BWV 99 Was Gott tut, das ist wohlgetan II

Fifteenth Sunday after Trinity.

Poet unknown.

1. Samuel Rodigast, verse 1 of the hymn, 1674 (Fischer-Tümpel, IV, #467); 2-5. based freely on verses 2-5; 6. verse 6 of the hymn.

17 September 1724, Leipzig.

BG 22; NBA I/22.


1. Chorus [Verse 1] (S, A, T, B)

What God doth, that is rightly done,
His will is just forever;
Whatever course he sets my life,
I will trust him with calmness.
He is my God,
Who in distress
Knows well how to support me.
So I yield him all power.

2. Recit. (B)

His word of truth doth stand secure
And will not e'er betray me,(1)
For it the faithful lets not fall or to their ruin go.
Yea, since it on the path to life doth lead me,
My heart doth calm itself and findeth satisfaction
In God's paternal faith and care
And shall forbear
When I'm by mishap stricken.
God can with his own hands almighty
Change my misfortune.

3. Aria (T)

Disturb thyself do not, discouraged spirit,
If thee the cross's cup so bitter tastes!
God is thy wise physician, his wonders great,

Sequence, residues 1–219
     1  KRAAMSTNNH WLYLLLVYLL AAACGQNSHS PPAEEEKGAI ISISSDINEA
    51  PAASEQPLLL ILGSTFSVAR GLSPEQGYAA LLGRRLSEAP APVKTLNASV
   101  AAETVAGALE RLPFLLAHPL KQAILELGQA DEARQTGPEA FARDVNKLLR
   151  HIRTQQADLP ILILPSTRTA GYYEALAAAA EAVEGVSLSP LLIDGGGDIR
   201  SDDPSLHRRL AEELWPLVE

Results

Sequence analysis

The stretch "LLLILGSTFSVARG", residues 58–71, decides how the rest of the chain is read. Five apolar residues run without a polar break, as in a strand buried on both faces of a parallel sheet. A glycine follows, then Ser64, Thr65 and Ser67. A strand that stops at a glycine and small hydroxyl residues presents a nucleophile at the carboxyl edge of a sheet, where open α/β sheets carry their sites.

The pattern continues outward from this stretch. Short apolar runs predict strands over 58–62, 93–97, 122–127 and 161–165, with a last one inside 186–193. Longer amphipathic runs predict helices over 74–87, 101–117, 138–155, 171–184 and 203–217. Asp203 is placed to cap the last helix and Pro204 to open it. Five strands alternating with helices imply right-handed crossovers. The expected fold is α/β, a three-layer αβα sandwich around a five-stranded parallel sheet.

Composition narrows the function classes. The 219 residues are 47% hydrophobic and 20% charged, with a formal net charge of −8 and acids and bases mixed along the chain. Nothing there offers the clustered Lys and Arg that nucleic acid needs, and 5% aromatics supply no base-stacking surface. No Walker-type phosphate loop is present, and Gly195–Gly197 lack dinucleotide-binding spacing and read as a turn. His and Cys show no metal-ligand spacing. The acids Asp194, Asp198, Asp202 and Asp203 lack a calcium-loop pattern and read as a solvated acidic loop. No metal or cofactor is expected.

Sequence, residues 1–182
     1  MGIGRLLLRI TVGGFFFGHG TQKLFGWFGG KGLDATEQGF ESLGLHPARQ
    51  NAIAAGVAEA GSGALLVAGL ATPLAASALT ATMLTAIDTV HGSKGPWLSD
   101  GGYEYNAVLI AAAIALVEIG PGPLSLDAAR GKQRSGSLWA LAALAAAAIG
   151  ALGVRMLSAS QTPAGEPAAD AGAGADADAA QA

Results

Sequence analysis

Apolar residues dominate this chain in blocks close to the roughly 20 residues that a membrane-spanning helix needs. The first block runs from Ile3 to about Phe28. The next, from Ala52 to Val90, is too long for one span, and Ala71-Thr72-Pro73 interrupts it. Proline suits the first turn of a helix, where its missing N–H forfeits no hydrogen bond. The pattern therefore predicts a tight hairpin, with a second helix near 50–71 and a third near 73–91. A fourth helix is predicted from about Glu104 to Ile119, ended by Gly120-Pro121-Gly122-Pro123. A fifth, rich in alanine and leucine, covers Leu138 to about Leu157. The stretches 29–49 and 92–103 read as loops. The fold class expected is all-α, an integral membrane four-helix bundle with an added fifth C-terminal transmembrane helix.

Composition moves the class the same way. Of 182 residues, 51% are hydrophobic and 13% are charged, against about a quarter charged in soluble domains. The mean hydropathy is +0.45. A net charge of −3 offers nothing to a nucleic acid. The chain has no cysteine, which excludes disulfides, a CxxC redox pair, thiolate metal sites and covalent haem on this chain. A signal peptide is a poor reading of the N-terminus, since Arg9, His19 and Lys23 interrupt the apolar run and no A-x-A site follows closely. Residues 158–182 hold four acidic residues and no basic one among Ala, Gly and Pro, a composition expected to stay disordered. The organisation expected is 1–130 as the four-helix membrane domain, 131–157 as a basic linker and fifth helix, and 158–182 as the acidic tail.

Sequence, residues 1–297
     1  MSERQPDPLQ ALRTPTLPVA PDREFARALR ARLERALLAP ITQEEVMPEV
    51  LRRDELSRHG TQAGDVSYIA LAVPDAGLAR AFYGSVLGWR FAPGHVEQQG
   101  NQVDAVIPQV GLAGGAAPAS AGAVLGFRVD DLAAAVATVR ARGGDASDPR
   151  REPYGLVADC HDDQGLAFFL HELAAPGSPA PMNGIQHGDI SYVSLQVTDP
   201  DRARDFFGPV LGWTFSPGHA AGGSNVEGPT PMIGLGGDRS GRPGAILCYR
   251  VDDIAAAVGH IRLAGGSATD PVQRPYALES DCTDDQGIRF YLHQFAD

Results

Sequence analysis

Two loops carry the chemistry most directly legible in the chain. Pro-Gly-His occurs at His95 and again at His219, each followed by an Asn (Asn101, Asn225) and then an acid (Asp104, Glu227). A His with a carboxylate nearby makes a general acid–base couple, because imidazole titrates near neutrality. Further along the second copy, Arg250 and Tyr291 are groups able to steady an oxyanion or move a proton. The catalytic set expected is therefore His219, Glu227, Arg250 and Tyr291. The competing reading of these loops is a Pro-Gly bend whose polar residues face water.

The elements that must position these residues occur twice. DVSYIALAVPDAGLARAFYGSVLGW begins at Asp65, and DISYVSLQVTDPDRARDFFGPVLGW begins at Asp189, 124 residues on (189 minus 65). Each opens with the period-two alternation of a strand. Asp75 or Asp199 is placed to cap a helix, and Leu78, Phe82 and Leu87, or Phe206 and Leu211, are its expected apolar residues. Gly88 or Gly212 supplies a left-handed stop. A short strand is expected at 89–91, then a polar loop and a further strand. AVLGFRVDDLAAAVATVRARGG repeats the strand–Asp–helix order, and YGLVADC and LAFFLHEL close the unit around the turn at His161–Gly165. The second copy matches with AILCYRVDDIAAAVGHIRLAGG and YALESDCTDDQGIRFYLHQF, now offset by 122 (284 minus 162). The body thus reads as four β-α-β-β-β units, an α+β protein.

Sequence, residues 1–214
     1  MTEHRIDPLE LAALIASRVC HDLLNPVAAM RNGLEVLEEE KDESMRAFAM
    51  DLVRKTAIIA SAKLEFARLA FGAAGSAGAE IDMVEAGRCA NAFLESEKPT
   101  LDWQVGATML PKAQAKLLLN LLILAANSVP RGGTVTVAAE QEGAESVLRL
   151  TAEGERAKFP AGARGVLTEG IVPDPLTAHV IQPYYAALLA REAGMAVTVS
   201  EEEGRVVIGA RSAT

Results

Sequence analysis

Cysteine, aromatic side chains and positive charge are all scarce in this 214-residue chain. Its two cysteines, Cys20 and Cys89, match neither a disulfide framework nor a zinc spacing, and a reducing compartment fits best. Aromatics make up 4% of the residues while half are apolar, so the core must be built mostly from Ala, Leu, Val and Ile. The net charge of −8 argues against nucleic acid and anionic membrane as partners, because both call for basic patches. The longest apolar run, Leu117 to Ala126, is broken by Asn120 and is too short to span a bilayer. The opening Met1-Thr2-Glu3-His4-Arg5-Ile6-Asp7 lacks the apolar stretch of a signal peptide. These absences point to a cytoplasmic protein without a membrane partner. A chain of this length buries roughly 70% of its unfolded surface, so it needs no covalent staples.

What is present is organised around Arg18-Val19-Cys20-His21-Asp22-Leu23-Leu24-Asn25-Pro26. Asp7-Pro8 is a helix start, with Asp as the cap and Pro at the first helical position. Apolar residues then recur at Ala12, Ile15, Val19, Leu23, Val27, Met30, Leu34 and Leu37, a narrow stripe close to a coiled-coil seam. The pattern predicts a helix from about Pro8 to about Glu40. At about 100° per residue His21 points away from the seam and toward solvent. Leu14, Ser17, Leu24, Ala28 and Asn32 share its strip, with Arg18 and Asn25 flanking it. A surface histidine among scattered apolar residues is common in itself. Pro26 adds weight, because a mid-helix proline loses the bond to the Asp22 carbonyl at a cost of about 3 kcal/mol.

Who can no fatal poison pour for thee,
E'en though its sweetness may quite hidden lie.(2)

4. Recit. (A)

Now, the eternally contracted bond
Bides e'er my faith's firm base.
It saith with confidence
In death and living:
God is my light,
To him I am committed.(3)
And though each day should offer
Its own peculiar torment,(4)
Yet for the pain which is endured,
When we have done with weeping,
At last shall come salvation's day,
When God's true loyal will appeareth.

5. Aria (S, A)

When the cross's bitter sorrows
With the flesh's weakness struggle,
It is ne'erless rightly done.
Who the cross through folly base
For himself too heavy reckons
Will e'en later have no pleasure.

6. Chorale [Verse 6] (S, A, T, B)

What God doth, that is rightly done,
To that will I be cleaving.
Though out upon the cruel road
Need, death and suff'ring drive me,
E'en so will God,
All fatherhood,
Within his arms enfold me;
So I yield him all power.


1. Except for und, verbatim from verse 2 of the hymn.

2. The doctor who disguises the healing, but bitter medicine with honey is for Lucretius (ca. 99-44 B.C.) analogous to the poet who sweetens the difficult doctrine of Epicurus with the charm of the muses (De Rerum Natura I. 933-950).

3. Verbatim from verse 4 of the hymn.

4. Cf. Mt. 6:34.


© Copyright Z. Philip Ambrose


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